Dry eye after a recent eyelid surgery is not necessarily cause for alarm, but certainly something you and your doctor should monitor together and take steps to relieve. Eyelid surgery is a complex procedure that has many rewards and is considered very safe, yet it’s not without risk. This is the case of every medical treatment or surgery. It is likely that your surgeon discussed with you the possibility of dry eye and included this among the possible issues after surgery in your surgery consent. Hearing about it pre-surgically and experiencing post-surgically are two very different realities.
At the beginning of your post-operative healing, dry eyes, swelling, and lids not closing properly are common experiences, but usually these are temporary and naturally resolve as the swelling goes down and you heal. Think of your eyelids as windshield wipers that move tears over the eye surface. With surgery, the eyelids swell and function less well as tear movers contributing to dry eye sensation. The swelling generally subside sufficiently in the ten days after surgery to make a noticeable difference in eye comfort. However, swelling is not the only reason the eyelids may not function well. Certain eyelid surgeries actually injure the motor nerves to the orbicularis oculi muscle close to the eyelid margin. These injuries can be temporary or permanent and also effect how well the eyelids move tears over the eye surface. It seems that some of these injuries do get better with time but some persist and can permanently contribute to dry eye. Symptoms that persist longer than 6 months tend to be permanent. Because of this, we can think of post-operative experiences as immediate (within the first six months) and long-term (thereafter).
The way to address a concern over dry eyes depends on when you are experiencing this issue, and the actual basis for the symptoms. This means that a detailed eye exam by a board certified ophthalmologist is needed to assess these symptoms. Normal post-operative dryness can usually be helped with over-the-counter eye drops. We also strongly recommend you talk to your surgeon openly about your healing process and remain in regular communication. Dr. Steinsapir closely follows his patients to monitor their progress, answer questions, and be available to address any complication in the unlikely case that they arise. As we said, no surgery is without risk, and a surgery can tip a compensated dry eye. For this reason, Dr. Steinsapir recommends that eyes be thoroughly assessed before surgery to look for evidence of dry eye. Knowledge of the dry eye status before surgery should influence the surgeon to perform more conservative eyelid surgery, prompt a referral to a cornea specialist when needed prior to surgery, and in rare cases, recommend against eyelid surgery in the most severe cases.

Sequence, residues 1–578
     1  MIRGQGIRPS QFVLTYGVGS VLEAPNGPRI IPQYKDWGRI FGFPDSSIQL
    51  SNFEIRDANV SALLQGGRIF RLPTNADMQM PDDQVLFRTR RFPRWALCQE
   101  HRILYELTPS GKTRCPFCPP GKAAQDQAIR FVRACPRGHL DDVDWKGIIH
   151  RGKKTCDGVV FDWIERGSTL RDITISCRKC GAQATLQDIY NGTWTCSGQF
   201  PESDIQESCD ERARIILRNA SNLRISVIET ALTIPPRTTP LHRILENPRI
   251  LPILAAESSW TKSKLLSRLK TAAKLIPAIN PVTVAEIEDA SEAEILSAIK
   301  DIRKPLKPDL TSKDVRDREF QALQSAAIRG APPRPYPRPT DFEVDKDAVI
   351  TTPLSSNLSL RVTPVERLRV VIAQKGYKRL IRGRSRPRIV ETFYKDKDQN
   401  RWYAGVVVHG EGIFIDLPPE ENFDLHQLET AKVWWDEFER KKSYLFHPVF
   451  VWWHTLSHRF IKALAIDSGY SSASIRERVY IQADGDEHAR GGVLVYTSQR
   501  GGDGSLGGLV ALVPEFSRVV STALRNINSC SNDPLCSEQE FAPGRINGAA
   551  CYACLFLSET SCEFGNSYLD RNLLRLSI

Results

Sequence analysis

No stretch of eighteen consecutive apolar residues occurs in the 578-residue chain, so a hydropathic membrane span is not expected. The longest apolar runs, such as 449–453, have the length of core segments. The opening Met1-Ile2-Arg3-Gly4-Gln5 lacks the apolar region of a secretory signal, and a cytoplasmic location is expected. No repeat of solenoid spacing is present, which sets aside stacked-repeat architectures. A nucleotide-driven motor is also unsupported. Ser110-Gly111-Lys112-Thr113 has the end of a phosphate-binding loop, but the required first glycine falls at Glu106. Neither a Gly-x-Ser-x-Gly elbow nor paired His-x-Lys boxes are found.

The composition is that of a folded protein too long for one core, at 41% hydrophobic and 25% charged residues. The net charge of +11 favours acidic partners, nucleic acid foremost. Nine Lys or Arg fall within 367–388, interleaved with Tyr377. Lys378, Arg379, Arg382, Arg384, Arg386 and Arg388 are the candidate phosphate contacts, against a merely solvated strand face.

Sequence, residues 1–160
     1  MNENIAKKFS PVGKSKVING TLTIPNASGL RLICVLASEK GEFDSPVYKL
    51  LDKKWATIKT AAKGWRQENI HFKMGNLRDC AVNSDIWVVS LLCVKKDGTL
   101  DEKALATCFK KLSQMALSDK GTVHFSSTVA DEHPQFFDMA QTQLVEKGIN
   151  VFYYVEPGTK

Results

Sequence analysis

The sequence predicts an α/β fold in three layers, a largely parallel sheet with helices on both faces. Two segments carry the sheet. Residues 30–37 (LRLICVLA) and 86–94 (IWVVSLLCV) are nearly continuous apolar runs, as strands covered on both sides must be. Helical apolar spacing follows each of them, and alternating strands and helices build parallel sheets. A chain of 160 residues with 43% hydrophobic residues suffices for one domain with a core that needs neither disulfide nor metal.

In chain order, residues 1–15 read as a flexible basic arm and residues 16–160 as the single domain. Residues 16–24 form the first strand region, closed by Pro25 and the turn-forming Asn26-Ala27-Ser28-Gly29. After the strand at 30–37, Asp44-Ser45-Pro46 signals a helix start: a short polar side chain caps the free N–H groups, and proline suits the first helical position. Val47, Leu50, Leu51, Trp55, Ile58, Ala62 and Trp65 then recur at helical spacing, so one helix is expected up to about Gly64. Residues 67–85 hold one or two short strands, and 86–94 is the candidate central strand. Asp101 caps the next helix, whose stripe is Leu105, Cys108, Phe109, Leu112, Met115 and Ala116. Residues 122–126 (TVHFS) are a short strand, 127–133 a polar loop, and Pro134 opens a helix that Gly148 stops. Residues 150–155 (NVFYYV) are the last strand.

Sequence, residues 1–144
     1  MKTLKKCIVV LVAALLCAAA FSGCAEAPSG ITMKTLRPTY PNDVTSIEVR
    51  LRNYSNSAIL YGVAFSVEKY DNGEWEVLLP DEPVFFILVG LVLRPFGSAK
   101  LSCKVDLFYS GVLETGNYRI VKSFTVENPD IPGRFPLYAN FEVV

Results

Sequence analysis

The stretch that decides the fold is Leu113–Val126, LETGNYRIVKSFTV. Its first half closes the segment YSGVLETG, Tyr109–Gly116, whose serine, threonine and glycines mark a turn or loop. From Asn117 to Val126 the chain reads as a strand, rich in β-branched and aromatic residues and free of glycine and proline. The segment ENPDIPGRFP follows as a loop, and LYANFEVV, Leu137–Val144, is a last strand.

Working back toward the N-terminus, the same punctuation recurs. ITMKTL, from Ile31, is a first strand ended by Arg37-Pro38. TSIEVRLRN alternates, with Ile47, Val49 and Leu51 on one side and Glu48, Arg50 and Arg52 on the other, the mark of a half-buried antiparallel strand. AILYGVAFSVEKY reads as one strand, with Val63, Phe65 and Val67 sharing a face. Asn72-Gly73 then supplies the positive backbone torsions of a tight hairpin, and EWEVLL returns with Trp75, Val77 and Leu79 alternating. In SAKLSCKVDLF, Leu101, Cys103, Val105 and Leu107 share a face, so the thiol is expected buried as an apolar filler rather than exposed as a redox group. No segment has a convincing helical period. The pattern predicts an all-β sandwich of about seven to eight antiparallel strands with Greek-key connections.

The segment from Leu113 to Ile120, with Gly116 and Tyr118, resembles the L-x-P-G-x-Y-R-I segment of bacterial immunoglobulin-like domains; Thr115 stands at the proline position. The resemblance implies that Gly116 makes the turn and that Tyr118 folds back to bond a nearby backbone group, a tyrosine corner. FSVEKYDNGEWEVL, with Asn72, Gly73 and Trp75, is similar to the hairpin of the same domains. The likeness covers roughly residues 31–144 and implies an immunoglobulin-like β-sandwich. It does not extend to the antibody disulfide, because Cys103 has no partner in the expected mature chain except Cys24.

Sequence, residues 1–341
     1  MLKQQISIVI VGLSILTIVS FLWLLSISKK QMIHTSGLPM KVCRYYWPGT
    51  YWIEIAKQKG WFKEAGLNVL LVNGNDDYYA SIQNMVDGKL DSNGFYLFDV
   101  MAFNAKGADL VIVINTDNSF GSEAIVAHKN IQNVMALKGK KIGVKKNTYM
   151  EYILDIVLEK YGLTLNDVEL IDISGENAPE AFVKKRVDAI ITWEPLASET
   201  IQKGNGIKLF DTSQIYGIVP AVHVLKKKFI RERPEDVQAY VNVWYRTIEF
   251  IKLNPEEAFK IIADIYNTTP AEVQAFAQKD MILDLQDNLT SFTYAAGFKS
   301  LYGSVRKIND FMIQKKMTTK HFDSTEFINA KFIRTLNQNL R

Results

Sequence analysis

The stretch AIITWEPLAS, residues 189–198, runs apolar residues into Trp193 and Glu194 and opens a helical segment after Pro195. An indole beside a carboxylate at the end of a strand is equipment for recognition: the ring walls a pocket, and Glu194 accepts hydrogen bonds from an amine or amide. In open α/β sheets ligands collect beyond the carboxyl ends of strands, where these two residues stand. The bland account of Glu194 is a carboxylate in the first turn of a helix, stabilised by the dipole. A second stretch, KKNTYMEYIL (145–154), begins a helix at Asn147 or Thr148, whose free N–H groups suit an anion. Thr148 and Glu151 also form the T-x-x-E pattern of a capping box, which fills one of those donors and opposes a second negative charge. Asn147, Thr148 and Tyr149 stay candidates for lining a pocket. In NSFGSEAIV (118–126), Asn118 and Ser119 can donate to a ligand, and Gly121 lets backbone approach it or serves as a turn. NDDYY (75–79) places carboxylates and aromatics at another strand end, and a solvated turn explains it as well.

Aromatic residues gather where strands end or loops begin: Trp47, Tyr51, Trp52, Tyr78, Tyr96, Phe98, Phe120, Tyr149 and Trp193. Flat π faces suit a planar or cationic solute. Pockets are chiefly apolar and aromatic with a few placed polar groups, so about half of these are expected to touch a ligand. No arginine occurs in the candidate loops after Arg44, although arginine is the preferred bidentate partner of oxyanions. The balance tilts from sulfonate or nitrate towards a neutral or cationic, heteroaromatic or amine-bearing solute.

In communicating with your surgeon, if artificial eye drops do not seem adequate, he or she may prescribe ophthalmic ointment before bed. In some cases, tear drains can be temporarily closed to improve symptoms. If these do not work, there are additional mechanical treatment options such as taping of the eyelids at night or swimming goggles at night in the most extreme cases. Long term when these measures do not provide sufficient relief, careful assessment for eyelid reconstruction may be indicated. The solution will depend upon your symptom severity, and the timing and precise anatomic cause of the problem. A range of options are available to improve eyelid closure with blink, which helps spread tears over the surface of the cornea and contributes to eye comfort.
If you wish to seek a second opinion, Dr. Steinsapir is available to assess your particular situation. He provides compassionate care whether you live locally or find it necessary to fly to Los Angeles for his assessment and input. He regularly helps individuals who require reconstructive surgery and corrections, and he is also thoroughly knowledgable on what to expect as part of the normal healing process. Your reconstructive surgery, when necessary, can be performed in his state of the art office based surgery center or on an outpatient basis at the Ronald Regan UCLA Medical Center, where is on staff. We invite you to call us today to schedule a time to discuss your particular concerns and options.
About Dr. Steinsapir
Dr. Steinsapir is a board certified eye surgeon and fellowship-trained in oculoplastic surgery and cosmetic surgery in Los Angeles where he specializes in balanced facial cosmetic surgery for natural results, with an emphasis on minimally invasive techniques, fast recovery time, and leadership in medical technology. Dr. Steinsapir has a private practice and also serves as an Associate Clinical Professor of Ophthalmology at the Jules Stein Eye Institute, at the David Geffen School of Medicine at UCLA. Contact us today to learn how Dr. Steinsapir’s experience and training make him an expert in cosmetic surgery, which can be a vital part of your evidence-based treatment plan.
Services described may be “off-label” and lack FDA approval. This article is informational and does not constitute an advertisement for off-label treatment. No services should be provided without a good faith examination by a licensed physician or surgeon and an informed consent with a discussion of risks, benefits, alternatives, and the likelihood of treatment success. Only you and your treating physician or surgeon can determine if a treatment is right for you.